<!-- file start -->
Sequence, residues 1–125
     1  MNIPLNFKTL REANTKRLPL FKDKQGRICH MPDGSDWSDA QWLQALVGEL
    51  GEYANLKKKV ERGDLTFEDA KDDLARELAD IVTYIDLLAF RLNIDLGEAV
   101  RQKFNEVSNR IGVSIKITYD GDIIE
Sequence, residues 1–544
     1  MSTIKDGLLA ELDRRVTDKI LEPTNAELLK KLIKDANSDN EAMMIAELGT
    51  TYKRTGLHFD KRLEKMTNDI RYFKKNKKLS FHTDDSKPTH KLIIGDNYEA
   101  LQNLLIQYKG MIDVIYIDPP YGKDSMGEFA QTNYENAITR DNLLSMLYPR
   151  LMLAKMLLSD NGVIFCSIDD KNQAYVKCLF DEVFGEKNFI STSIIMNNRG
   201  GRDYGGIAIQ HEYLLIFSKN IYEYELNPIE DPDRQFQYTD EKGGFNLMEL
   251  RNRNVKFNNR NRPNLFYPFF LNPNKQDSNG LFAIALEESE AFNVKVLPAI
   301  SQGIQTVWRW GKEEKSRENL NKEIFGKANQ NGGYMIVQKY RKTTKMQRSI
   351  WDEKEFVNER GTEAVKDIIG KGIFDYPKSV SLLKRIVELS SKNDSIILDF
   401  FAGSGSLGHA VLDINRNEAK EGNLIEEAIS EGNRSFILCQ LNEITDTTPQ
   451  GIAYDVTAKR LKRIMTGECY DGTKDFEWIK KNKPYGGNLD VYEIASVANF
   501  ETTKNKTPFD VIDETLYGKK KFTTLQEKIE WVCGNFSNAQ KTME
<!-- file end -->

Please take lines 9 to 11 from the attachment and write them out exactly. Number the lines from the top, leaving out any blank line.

   151  LMLAKMLLSD NGVIFCSIDD KNQAYVKCLF DEVFGEKNFI STSIIMNNRG
   201  GRDYGGIAIQ HEYLLIFSKN IYEYELNPIE DPDRQFQYTD EKGGFNLMEL
   251  RNRNVKFNNR NRPNLFYPFF LNPNKQDSNG LFAIALEESE AFNVKVLPAI